Gafisa Considers Share Buyback as Losses End: Corporate BrazilDenyse Godoy and Christiana Sciaudone
Homebuilder Gafisa SA is considering buying back stock and increasing dividends after a restructuring that's intended to boost profit and reduce debt, Chief Executive Officer Alceu Duilio Calciolari said.
Gafisa has been shifting its focus to building more lucrative projects as part of a turnaround plan that Calciolari said will be completed by the first half of 2014. Brazil’s fifth-biggest homebuilder by revenue lost money in each of the past two years as it overestimated potential profit from a government-sponsored program for low-income families and built inexpensive homes faster than it could sell them.
“We’re correcting our past mistakes,” Calciolari said in a Nov. 8 interview at Bloomberg’s office in Sao Paulo. “Everything we needed to do has been done. With better results, we may consider the possibility of buying back shares and paying additional dividends.”
Surging economic growth and government subsidies aimed at getting lower-income Brazilians to buy houses encouraged Sao Paulo-based Gafisa and other homebuilders to expand with new projects throughout the country from 2008 to 2010. The builders have been retrenching as home sales slumped after the country’s economic expansion slowed to 0.9 percent in 2012 from a peak of 7.6 percent two years earlier, leaving a glut of unsold houses.
The BM&FBovespa Real Estate index, a gauge of 20 industry stocks, has lost 33 percent since the end of 2010, compared with a 25 percent decline for the country’s 72-member Ibovespa equity benchmark.
“Most of them started to review operations and make adjustments in 2011, so 2014 will be a decisive year for the industry to show that its strategy worked,” Felipe Silveira, an analyst at the brokerage firm Coinvalores, said in a phone interview from Sao Paulo. “Gafisa’s profitability is still suffering because of the old projects’ problems, and we should see low margins for some time.”
Projects started by Gafisa’s low-income housing unit, Construtora Tenda, before the restructuring began in 2011 have margins of about 3 percent, and the last of them will be delivered in the next six months, Calciolari said. Margins at its other two units range from 35 percent to 50 percent, he said.
Proceeds from a 1.4 billion-real ($605 million) sale of its 70 percent stake in Alphaville Urbanismo SA, expected to close this year, will be used to reduce Gafisa’s debt-to-equity ratio to about 55 percent from 126 percent currently, according to the company’s third-quarter earnings report. Remaining cash may be distributed to shareholders, Calciolari said.
Gafisa pays 25 percent of annual net income as dividends and made its last distribution in December 2011, the company’s press office wrote in an e-mailed response to questions.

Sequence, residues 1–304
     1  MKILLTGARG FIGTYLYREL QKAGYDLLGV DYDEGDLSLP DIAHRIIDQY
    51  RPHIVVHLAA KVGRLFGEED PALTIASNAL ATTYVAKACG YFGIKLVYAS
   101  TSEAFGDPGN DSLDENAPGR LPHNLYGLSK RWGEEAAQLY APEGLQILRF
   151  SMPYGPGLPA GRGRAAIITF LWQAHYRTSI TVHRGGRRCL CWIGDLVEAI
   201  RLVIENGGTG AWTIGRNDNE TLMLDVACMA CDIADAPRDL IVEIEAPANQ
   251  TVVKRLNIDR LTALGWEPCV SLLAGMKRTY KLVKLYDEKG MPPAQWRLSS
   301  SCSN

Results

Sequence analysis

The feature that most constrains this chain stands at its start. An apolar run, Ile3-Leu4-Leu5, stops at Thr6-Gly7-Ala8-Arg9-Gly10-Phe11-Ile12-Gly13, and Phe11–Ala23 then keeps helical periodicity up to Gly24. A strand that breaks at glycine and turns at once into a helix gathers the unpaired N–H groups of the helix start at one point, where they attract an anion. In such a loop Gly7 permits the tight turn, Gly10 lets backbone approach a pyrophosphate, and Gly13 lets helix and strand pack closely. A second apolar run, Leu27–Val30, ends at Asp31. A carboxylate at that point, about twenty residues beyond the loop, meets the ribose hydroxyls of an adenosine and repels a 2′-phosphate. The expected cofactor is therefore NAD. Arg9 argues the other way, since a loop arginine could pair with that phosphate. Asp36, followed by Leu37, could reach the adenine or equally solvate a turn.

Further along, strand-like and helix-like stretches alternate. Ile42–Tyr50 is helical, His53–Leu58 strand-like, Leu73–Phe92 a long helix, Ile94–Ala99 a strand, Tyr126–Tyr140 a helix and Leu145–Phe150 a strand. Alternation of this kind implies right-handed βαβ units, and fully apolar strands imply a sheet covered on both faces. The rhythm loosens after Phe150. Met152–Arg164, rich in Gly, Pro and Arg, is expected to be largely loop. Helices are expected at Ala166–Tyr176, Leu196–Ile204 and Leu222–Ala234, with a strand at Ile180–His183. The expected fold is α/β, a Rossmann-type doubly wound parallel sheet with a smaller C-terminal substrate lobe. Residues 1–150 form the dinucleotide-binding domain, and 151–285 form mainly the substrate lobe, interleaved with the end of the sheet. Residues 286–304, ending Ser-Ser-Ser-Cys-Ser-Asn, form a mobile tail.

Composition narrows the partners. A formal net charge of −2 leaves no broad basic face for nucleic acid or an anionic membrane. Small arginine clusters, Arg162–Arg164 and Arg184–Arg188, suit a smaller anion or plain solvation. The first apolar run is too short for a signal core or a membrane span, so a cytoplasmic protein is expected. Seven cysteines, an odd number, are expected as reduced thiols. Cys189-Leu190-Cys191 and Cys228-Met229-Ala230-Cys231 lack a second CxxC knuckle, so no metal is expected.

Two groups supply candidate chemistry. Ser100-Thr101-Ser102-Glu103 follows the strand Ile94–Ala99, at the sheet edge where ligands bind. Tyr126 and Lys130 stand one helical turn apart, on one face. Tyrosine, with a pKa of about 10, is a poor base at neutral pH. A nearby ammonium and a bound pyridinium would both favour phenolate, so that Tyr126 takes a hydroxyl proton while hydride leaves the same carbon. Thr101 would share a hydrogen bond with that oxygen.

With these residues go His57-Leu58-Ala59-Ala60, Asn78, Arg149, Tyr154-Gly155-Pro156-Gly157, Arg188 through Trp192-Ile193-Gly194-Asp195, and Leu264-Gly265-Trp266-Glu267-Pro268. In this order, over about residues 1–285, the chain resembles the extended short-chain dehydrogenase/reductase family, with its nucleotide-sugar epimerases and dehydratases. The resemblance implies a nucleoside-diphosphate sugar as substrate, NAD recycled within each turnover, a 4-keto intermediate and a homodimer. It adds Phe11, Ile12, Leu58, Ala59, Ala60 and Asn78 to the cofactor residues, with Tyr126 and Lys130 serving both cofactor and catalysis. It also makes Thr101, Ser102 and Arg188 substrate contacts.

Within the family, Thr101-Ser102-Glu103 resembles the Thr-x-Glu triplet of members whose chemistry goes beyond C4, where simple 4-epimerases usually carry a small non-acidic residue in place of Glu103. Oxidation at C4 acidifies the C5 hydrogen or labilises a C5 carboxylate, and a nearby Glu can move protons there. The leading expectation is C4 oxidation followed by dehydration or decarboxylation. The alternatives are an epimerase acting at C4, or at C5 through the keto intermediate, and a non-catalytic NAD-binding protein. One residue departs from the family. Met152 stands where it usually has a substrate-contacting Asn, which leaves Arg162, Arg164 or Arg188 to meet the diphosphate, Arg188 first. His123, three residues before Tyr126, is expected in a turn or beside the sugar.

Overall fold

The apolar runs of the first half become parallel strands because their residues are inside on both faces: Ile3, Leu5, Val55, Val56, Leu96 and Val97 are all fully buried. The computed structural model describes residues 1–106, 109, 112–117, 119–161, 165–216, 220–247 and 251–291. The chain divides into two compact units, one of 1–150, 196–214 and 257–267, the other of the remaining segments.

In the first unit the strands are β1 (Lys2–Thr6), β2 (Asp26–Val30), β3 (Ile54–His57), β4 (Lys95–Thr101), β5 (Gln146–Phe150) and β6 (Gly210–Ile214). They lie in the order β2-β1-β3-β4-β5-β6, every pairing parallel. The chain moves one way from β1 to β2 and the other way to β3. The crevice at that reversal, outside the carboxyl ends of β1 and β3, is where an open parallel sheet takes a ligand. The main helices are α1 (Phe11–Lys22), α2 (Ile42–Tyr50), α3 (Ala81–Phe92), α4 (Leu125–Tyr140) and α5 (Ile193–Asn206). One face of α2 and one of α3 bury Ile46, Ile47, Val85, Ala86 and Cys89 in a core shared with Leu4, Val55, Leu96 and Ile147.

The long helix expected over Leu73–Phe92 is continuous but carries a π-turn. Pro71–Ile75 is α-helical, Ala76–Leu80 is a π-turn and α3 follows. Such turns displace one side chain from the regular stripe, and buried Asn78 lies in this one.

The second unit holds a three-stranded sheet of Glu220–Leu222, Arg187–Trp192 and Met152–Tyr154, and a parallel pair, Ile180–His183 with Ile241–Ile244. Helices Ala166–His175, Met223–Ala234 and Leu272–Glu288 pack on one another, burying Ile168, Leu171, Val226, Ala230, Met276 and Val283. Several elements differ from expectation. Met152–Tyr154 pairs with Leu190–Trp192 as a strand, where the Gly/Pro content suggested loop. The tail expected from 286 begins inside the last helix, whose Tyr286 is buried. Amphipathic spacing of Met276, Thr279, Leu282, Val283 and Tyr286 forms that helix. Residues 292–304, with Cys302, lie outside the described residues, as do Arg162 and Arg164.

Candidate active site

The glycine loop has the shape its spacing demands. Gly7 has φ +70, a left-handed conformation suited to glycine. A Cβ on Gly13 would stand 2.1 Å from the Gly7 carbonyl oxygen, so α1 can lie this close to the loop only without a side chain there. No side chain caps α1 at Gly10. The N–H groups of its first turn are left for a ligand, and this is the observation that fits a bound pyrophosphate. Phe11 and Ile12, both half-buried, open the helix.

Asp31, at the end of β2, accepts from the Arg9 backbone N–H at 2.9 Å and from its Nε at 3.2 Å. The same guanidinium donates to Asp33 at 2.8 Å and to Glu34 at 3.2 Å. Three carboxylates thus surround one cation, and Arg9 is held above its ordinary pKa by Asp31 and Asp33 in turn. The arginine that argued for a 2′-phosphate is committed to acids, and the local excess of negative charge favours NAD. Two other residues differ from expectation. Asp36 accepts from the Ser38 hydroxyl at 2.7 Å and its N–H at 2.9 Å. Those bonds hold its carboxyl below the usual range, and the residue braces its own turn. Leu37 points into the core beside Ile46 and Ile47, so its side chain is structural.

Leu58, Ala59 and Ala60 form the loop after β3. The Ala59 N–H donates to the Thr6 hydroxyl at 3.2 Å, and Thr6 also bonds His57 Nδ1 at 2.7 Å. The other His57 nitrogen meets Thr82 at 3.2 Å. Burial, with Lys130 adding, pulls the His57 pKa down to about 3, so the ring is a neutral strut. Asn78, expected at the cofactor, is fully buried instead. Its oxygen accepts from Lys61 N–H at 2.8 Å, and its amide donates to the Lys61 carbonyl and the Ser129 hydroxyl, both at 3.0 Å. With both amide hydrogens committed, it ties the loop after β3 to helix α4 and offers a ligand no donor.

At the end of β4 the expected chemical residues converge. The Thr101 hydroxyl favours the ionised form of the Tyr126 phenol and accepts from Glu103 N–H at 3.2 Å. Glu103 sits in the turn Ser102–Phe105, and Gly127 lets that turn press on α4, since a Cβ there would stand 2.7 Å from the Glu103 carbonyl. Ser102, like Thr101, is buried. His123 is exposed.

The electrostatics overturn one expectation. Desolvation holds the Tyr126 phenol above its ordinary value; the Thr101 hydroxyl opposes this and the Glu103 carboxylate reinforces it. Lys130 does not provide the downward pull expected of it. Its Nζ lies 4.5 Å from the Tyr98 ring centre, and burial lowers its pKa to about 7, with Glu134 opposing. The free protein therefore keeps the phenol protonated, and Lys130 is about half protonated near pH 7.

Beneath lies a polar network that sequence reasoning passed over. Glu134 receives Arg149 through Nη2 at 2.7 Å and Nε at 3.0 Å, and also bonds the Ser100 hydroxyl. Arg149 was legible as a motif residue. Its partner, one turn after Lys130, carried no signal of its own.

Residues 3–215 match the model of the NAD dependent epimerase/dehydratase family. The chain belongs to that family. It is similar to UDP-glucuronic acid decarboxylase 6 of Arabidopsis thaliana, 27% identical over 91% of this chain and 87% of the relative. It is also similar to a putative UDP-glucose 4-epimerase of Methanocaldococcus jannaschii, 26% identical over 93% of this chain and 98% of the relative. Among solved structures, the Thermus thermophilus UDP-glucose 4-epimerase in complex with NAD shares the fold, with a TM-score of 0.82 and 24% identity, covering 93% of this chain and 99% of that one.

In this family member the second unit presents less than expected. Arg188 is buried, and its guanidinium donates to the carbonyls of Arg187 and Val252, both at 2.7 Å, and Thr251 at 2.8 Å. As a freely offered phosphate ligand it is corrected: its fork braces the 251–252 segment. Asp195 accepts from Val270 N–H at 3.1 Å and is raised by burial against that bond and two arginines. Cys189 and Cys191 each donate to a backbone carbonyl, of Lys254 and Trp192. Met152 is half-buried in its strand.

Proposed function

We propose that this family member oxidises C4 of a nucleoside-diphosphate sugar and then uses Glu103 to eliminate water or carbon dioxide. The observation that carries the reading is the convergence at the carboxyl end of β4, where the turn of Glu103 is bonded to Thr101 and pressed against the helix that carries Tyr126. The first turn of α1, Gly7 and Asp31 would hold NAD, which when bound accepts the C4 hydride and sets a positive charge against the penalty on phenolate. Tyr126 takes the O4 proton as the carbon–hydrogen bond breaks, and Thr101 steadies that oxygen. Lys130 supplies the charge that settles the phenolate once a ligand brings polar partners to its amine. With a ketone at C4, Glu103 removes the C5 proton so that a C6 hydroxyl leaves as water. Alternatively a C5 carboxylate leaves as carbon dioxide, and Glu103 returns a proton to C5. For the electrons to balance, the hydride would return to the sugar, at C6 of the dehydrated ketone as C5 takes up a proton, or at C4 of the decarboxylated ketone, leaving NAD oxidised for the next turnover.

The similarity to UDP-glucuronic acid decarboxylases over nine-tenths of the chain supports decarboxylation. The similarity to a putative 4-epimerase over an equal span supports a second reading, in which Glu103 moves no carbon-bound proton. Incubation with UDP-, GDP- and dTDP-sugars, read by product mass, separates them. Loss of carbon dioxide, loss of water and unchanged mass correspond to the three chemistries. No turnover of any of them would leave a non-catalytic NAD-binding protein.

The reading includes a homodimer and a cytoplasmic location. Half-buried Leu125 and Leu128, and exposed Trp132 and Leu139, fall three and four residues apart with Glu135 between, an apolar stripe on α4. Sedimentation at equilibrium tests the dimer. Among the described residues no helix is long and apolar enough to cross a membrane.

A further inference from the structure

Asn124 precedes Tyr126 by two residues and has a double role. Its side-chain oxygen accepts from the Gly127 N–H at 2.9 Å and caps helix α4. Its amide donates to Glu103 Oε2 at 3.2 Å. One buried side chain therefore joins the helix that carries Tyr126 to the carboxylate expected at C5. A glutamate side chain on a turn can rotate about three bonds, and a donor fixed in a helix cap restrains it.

The Alphaville sale puts Gafisa in a “unique situation,” according to Guilherme Affonso Ferreira, who is chief executive officer of closely held investment firm Bahema Participacoes SA, Gafisa’s 17th-biggest shareholder according to data compiled by Bloomberg. The money will enable the company to effectively reduce its obligations to zero, leaving it with debt that's considered transitory and is passed on to home buyers when units are sold, he said.
“Once the deal closes you won’t have any more corporate debt,” Ferreira said in a phone interview from Sao Paulo. “Among construction companies, few right now can cite this luxury.”
Gafisa’s shares fell 1.7 percent to 2.85 reais at the close of trading in Sao Paulo, extending this year’s decline to 39 percent, as the real estate index slid 24 percent.
While the company’s turnaround strategy appears to be working, Silveira said he’s still not sure if it will spur a rebound in the stock.
“Earnings are improving, sure, but they still seem so weak given the company’s size and potential,” he said.
The company posted adjusted net income of 15.8 million reais in the three months through September after three quarterly losses, according to data compiled by Bloomberg after Gafisa reported earnings on Nov. 5. That exceeded the average estimate among five analysts surveyed by Bloomberg of a profit of 12.7 million reais.
Gafisa’s contracted sales were 370 million reais in October, Calciolari said. That compares with the 429 million reais that the company reported for the entire third quarter.
“This is a good indicator about the demand climate,” Calciolari said.
Stock investors don’t fully recognize the success of the company’s turnaround plan because they are excessively focused on the short term, Calciolari said.
“Homebuilders have a long business cycle,” he said.
Gafisa will remain focused on building in Sao Paulo and Rio de Janeiro through 2015, Calciolari said. Projects marketed to lower-income consumers, which fell to zero last year and were resumed in 2013, may increase as Tenda’s operations improve and margins rise to a projected 28 percent, he said.
“This percentage gives the company an interesting return,” Calciolari said. “Growth potential in this segment is high.”